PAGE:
The noble Earl, Lord Howe, asked about accessibility for those with language difficulties and for whom English is not their first language. We are committed to ensuring that it is accessible for people with special communication needs. We want to see how the extensive work we need to undertake can best be organised within a national service.

We want to look too at the evaluation to make sure that patients and their representatives will be involved. Included in the membership of the National Advisory Group for NHS Direct are the patients association, the CHC chief officer as well as representatives of the mental health interests—to which I should now like to turn—and the interface between NHS Direct and the issue of specialist helplines.

We believe that, in the longer term, we fully expect there to be a continuing need for other specialist telephone services after NHS Direct has become established as a national service. Indeed, one of the advantages of NHS Direct will be a single and, over time, very well known telephone number which the public will recognise not only as a quick and reliable route to information and advice on a wide range of health issues—as the right reverend Prelate said—but also as a gateway to other services and other providers of information. It seems quite likely, therefore, that NHS Direct, far from taking over the role of specialist helplines, will have the effect of promoting them by referring more people on to them.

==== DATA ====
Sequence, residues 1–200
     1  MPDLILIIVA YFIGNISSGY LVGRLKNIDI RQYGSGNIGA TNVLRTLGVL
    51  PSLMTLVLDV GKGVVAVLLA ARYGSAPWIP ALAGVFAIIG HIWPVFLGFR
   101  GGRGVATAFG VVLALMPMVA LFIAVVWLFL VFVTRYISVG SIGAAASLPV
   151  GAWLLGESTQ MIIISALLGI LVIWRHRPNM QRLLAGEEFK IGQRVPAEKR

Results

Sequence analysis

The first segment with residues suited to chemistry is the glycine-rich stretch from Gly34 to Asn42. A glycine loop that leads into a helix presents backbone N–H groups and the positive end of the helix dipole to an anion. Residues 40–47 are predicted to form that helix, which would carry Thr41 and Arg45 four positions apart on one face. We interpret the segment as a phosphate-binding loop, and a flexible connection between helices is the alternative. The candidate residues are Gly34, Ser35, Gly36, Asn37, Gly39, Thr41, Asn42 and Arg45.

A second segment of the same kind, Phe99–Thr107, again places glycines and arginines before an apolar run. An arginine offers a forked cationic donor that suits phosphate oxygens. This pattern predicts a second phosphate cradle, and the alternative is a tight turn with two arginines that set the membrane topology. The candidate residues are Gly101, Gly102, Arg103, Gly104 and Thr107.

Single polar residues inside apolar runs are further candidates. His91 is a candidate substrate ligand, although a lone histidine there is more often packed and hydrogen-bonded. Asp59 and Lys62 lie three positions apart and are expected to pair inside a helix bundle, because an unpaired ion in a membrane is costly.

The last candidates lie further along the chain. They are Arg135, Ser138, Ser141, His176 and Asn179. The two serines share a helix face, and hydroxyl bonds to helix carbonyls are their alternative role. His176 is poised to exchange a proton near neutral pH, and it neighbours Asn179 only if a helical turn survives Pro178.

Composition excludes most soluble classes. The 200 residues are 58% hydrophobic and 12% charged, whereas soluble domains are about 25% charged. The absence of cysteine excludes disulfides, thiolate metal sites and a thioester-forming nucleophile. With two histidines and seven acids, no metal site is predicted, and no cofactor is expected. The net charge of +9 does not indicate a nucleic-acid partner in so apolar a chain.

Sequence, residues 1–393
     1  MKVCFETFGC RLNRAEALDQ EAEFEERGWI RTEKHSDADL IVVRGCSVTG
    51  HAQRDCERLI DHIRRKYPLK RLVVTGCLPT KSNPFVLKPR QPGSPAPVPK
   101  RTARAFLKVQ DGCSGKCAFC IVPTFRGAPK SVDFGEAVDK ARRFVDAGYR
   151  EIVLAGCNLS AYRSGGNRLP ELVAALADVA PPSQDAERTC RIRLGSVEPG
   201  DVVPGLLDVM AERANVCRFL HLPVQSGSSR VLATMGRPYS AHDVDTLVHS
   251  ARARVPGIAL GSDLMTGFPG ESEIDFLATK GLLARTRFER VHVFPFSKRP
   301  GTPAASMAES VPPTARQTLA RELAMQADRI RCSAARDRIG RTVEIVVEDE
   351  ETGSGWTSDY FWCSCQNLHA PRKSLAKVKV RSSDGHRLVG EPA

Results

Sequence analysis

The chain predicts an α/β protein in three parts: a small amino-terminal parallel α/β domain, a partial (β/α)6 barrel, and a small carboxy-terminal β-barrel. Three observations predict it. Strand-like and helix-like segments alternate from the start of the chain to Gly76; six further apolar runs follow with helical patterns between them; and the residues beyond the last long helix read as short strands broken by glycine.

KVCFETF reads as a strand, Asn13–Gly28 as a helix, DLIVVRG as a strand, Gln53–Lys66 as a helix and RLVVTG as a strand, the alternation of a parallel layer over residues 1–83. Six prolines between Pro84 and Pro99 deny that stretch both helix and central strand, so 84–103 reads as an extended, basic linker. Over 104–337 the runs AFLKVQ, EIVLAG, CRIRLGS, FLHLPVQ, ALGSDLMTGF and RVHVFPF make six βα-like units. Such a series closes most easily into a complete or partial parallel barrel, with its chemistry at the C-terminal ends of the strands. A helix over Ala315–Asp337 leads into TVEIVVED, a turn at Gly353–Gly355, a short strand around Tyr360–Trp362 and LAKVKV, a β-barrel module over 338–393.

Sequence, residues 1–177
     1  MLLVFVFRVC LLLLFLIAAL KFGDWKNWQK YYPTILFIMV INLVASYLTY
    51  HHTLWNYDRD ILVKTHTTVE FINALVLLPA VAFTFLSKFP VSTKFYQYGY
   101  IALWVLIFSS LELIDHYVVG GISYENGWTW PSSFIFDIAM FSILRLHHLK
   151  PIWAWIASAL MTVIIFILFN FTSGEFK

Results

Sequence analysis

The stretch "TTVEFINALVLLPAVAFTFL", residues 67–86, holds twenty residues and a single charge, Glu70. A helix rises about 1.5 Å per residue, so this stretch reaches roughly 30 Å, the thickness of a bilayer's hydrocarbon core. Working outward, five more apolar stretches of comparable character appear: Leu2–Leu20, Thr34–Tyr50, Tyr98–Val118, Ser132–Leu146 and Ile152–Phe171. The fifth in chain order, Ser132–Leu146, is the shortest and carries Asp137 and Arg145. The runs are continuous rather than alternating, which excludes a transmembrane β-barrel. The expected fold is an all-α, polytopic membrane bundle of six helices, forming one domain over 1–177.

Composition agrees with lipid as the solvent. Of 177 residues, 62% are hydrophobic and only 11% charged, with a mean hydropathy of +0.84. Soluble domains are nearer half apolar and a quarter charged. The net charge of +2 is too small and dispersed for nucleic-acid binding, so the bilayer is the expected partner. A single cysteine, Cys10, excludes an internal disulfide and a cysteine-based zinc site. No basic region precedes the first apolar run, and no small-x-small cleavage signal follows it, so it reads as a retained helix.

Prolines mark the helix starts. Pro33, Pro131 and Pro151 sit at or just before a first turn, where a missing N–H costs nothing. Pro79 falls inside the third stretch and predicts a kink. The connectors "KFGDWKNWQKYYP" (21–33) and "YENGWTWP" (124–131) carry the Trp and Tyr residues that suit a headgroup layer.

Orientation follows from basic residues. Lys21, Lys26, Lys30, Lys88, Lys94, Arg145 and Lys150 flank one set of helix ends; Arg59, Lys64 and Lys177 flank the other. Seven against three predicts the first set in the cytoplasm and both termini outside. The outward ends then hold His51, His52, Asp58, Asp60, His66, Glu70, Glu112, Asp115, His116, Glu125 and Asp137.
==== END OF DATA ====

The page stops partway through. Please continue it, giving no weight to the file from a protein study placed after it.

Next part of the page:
Thus, as NHS Direct develops, there will be the opportunity to build up links with other specialist helpline providers so that callers can be passed on seamlessly, in some cases without the need to redial, to other sources of help. The objective of NHS Direct is to provide first line help and advice. It should not take over the role of the specialist. What it can do is to provide far better signposting for the public who otherwise might not be able to locate easily specialist sources of information. We are keen to work closely with specialist helplines in developing NHS Direct. Both the Telephone Helpline Association and the Samaritans are represented on the National Advisory Group for NHS Direct.

I do not have time to deal with any of the other issues except to say that I believe the possibilities offered by NHS Direct of going even wider into all sorts of other areas like telephone booking of appointments and access to other services is enormous. I understand the need that has been stressed for proper evaluation and to make sure that we do not undermine services that already exist. However, there is an impatience to move forward because there is an enormous potential for improving the speed, quality and accessibility of information services to patients in this country.